Elephants Unwelcome In South Africa And Are Marked For Death

elephant surge 01 Elephants Unwelcome In South Africa And Are Marked For Death

South Africa looks at their growing population of Elephants as giant rats who need to be controlled. This giant rat population has now been official marked for death and the shooting season is open for all the big game hunters out there. The good old times are back, right? How crazy is this? Can South Africa really be sliding back down the wrong side of history? They seem to be very short sighted when it comes to cleaning up their country and improving the lives of their human and animal populations.

Elephants live in very complex family groups. Killing family members at random is not only cruel, but destroys the natural learning and maturing process for the surviving members. When the oldest largest members are killed, they die with vast amount of knowledge, the younger generation needs, to survive. It’s even been shown in studies, younger elephants seem to go a little crazy from the anxiety of not being guided by senior members of the family.

elephant surge 02 Elephants Unwelcome In South Africa And Are Marked For Death

elephant surge 03 Elephants Unwelcome In South Africa And Are Marked For Death

One of the risks over over-conservation is the potential for over-population. And the decisions that have to be made once the “damage” is done. Of course, that all depends on your definition of “damage”. While an abundance of an animal species in the wild certainly poses a threat to other species, if you believe in the natural order of things and the fact that nature has survived for millions of years without human interference, it makes South Africa’s controversial decision to kill excess elephants seemvery ill advised.

The country banned elephant culling back in 1994 over extinction concerns. But now that the animal’s population has surged to 18,000 in the country (totaling 600,000 throughout the continent), the environmental ministry says the area’s biodiversity and ecosystem are at risk and that an as-of-yet undecided amount of elephants will have to be killed, a plan that Bob Scholes of the Council for Scientific and Industrial Research called reasonable and “inescapable”.

elephant surge 04 Elephants Unwelcome In South Africa And Are Marked For Death

One of the arguments tossed into this debate is that the elephant has no natural predators to help balance the population. But does that warrant an unnatural predator? Studies have shown that elephants experience pain and the trauma of separation from family.

“They may be conscious of suffering in other elephants, they may have a knowledge of the ‘other’ that puts them low down but on the path to some kind of self-consciousness,” Mr. Scholes was quoted as saying by the UK’s Telegraph. “They are higher than most animals but lower than humans.”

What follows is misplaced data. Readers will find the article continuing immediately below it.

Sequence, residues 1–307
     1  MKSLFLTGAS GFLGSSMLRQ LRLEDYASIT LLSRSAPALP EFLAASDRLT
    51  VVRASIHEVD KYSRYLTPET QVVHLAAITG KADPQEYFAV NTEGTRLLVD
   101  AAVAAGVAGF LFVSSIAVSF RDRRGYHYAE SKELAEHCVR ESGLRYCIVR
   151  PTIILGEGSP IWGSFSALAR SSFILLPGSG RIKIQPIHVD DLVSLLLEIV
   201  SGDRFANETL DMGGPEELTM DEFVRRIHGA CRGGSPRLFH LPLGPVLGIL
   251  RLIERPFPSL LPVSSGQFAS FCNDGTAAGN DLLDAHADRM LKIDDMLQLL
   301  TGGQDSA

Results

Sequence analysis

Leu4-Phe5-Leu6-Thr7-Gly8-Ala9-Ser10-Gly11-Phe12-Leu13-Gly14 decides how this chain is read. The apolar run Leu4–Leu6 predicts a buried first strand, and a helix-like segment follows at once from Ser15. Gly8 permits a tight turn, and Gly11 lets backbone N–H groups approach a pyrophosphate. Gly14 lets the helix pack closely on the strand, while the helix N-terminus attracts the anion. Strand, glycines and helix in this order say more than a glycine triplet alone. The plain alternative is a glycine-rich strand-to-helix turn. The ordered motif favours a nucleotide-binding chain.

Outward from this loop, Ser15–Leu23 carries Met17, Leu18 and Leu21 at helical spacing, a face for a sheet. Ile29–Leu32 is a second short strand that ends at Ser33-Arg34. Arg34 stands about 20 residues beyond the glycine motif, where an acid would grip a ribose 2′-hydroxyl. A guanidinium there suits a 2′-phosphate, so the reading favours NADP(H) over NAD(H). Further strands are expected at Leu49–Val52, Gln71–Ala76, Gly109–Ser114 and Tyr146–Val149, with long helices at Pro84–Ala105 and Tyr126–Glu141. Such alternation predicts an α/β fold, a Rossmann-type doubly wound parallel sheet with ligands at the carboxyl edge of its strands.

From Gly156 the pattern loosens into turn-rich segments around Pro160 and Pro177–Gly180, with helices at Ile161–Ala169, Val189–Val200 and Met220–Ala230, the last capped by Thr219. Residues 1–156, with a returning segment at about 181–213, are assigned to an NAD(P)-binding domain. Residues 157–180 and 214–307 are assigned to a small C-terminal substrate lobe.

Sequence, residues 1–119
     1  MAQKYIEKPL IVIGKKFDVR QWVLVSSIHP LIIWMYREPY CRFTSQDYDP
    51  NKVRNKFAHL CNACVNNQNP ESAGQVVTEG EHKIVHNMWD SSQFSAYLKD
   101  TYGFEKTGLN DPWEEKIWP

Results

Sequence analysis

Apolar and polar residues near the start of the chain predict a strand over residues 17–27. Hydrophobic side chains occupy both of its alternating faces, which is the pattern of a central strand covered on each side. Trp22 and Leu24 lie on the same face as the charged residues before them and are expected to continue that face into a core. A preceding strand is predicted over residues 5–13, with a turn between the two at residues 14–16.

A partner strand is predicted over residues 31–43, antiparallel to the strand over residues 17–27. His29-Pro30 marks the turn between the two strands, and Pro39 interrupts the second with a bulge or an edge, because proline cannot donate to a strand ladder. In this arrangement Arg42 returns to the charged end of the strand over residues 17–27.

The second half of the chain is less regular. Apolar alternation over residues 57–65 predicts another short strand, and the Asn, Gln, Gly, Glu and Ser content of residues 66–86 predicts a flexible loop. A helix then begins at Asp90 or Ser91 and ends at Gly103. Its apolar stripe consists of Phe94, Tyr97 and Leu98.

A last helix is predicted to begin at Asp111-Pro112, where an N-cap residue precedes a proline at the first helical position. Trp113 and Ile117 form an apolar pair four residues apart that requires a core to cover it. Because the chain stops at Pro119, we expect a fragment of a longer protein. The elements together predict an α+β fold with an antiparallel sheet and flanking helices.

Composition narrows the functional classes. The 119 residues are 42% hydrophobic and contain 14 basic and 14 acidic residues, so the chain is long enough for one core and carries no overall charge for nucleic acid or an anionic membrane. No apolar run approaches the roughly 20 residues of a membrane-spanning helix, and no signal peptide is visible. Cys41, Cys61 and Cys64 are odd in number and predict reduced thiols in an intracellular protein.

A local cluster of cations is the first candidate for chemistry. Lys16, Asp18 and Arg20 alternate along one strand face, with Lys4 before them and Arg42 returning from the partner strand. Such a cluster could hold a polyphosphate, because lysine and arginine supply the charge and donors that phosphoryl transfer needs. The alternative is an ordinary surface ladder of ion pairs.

Animal rights activists have threatened to call for a tourist boycott of South Africa, but that seems hardly comforting for the elephant. Call it the unnatural order of things, call it man playing God however you slice it, there has got to be a better way.

  • John Mars

    I would like to point out that the writer of this article does not have any idea of what he/she is talking about.

    I live on the border of the Kruger Park and witness the damage the elephants does on a daily basis. They ringbark trees and push them over which kills them. Whole forests have been wiped out by these "giant rats". So, according to the writer it is ok for all the animals that depend on the forest to loose their habitat and most likely die, but it is not acceptable to reduce the population back to the area's carrying capacity?

    And it is not that other options have not been explored, putting them on the pill, translocation and even enlarging the park into Mozambique.

    At the end of the day due to their prolific breeding and no enemies

    the parks board had to take a decision, do they want a nature reserve or an elephant park.

    p.s They are well aware of the social structure of the animals and for that reason whole family units gets culled together.

  • Monty

    Probably one of the more biased articles I have ever read. You admit that there is a problem yet give no suggestions and revert to critisizing efforts to curb this problem.

    Elephants are magnificent animals to say the very least and this was not a hasty decision.

    "…if you believe in the natural order of things and the fact that nature has survived for millions of years without human interference, …" Humans are part of nature too, believe it or not. So according to your natural order of things is it really that wrong for humans to hunt them or to try to protect your own human population and the rest of their animal population with this move? Notwithstanding the benefits there are many disadvantages of an overpopulation of elephants such as their large diets(Need about 140-270KG of forage every day – Could feed probably more than one hundred springboks every day) or the fact that they have been known to attack humans more often when overpopulated, the list goes on.

    Next time do some research on a subject before you blatantly attack a solution to a rising problem.

  • http://gliving.com G Monkie

    There is a report in the Uk Independent, which talks about big sales in Elephant Ivory again. The decision to allow a sale of ivory to China and Japan could be fuelling a rise in smuggling. Is there a financial side to allowing the killings? What happens to all the ivory?